There are still many men out there who will gladly talk about using their weapons in battle. I have interviewed a lot of veterans who enjoyed talking about their experiences, both in WW2 and Korea. A couple of guys used the M1 carbine in Viet Nam. Plus, you get to learn about cleaning, caring for, and maintaining these basic arms. These weapons also led me to an interest in WW2 knives and bayonets as well. They are almost as fun to collect as the firearms, imo.
This knowledge of operation, cleaning, and maintaining will prepare you for any gun you may own in the future. Well, this is all just my opinion. If I hadn't gotten interested in the Carbine to start with, I wouldn't have gotten interested in talking to vets and to reading about the War. I am better for knowing those men and for learning about the history of my nation in a time when there didn't seem to be any gray area between good and evil.

Erik M
December 19, 2010, 06:02 PM
A basic AR15 from a reputable manufacturer (I prefer Doublestar) $700
A Mossberg/Remington 12 gauge shotgun $300
A Glock 19 for a range & nightstand gun $450
A .38 special of any flavor for a range gun / plinker $350

Remainder of cash spent on ammo.


If you are looking to spend cash on an hierloom class weapon you could look at the Colt SAA, Pyton, or Diamondback among a plethora of other wonderful creations. Personally I like the early Smiths and Ruger wheel guns, which are what I have invested in.

jon86
December 19, 2010, 06:11 PM
If I had $2000 to spend on a gun collection and already had a few shotguns, like the OP does, I'd buy:
1. A pocket revolver: S&W 442/642/638/438/ruger LCR.
2. A glock 19/23/26/27 for CCW.
3. That leaves you with about $1000 more. BUY AMMO. You'll need to learn to shoot your new handguns, as well as enjoy those shotguns.

RoboDuck
December 19, 2010, 09:34 PM
Browning auto 5
Remington nylon 66
Colt Python

Big Bill
December 19, 2010, 10:58 PM
I'd buy a Springfield Armory Loaded M1A.

http://www.springfield-armory.com/armory.php?model=14

Cards81fan
December 19, 2010, 11:14 PM
All the way up to $2000? Definitely this:

http://pics.gunbroker.com/GB/206242000/206242330/pix057006918.jpg

http://www.gunbroker.com/Auction/ViewItem.aspx?Item=206242330


Things like 1911, Hi Powers, etc... that are still out there in higher volumes would wait. The older Browning shotguns would be a close second to Colt wheelguns.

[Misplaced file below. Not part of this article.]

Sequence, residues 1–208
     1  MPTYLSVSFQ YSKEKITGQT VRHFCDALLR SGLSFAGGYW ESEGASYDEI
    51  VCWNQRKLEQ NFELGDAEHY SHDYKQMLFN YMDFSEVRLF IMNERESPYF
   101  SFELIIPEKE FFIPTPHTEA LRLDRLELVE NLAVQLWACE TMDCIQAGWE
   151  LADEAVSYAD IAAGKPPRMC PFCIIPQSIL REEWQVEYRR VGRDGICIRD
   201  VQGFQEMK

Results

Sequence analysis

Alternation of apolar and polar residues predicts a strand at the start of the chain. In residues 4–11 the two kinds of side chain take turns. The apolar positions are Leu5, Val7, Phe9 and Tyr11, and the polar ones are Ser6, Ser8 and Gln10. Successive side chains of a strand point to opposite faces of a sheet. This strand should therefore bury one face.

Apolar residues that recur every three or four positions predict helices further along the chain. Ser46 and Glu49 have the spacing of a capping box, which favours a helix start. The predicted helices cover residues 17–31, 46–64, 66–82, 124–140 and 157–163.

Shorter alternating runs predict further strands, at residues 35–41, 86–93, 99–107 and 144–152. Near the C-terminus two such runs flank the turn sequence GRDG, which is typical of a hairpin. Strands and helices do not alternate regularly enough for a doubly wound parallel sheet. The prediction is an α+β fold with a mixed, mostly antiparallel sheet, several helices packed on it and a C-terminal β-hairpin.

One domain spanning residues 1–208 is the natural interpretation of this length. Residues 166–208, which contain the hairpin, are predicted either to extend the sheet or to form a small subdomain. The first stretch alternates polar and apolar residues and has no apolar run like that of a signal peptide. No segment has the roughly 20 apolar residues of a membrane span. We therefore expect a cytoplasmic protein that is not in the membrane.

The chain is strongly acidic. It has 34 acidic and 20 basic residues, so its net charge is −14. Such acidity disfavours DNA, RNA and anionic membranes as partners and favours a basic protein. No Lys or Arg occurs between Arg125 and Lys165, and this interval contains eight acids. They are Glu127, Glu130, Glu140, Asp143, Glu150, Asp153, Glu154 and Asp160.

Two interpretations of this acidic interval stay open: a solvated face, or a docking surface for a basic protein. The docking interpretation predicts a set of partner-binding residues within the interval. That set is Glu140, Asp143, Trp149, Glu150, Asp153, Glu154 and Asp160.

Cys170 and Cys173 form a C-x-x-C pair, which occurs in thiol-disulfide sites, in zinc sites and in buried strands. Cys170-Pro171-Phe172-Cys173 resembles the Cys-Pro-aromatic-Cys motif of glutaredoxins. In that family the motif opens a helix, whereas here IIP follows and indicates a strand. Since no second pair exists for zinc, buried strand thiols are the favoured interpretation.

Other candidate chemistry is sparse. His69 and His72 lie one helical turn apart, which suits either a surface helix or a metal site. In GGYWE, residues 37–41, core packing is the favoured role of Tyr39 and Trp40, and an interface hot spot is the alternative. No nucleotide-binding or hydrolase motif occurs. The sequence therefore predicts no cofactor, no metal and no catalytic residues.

FIVETWOSEVEN
December 19, 2010, 11:33 PM
Desert Eagle .50AE, or a Heckler und Koch Mark 23. Gotta impress those at the range somehow!

S. Hill
December 20, 2010, 12:02 PM
I agree with most of the posters that $2000 isn't enough to start a collection of "collectable" firearms. So why don't we consider "classic" firearms instead? That might fit within the budgetary constraints. He already has the shotguns, so....

Rifle - Pre '64 Win. in .270 or 30-06. This will cost ~$1200.
Pistol - Older S&W or Colt revolver in .357 Mag. This will cost ~$500
Rimfire Rifle - Marlin, Winchester, or Browning lever action. This will cost ~$300

Each of these will require a considerable amount of shopping to get a quality firearm at this price. By the time he's done, the OP will have both an education, and the start of a very nice collection.

None of the guns are so special that he can't take them out and shoot them or hunt with them. With normal care and use they will all outlast him, and keep their value.

Re-read the OP's comments further down in the thread, and since he doesn't want to shoot them, I would change my suggestions. I would favor handguns, since he wants to display them. Pick one that you find interesting and has been around for awhile. Lugers, 1911s, Browning Hi-Powers, S&W revolvers..... Any of these will have enough depth to keep you interested for the rest of your lifetime. And they will all look great in a display case in your game room.

HGUNHNTR
December 20, 2010, 01:24 PM
$750 on guns, $1250 on ammunition.

Dokkalfar
December 20, 2010, 01:31 PM
If all that was specifically for the gun, I'd likely go with something from Barrett, likely the REC7.

Also, Wilson Combat has some really nice stuff if you can find something for that low :)

biohazurd
January 19, 2011, 01:11 AM
Quality 1911

Mossberg 500

Ak-47.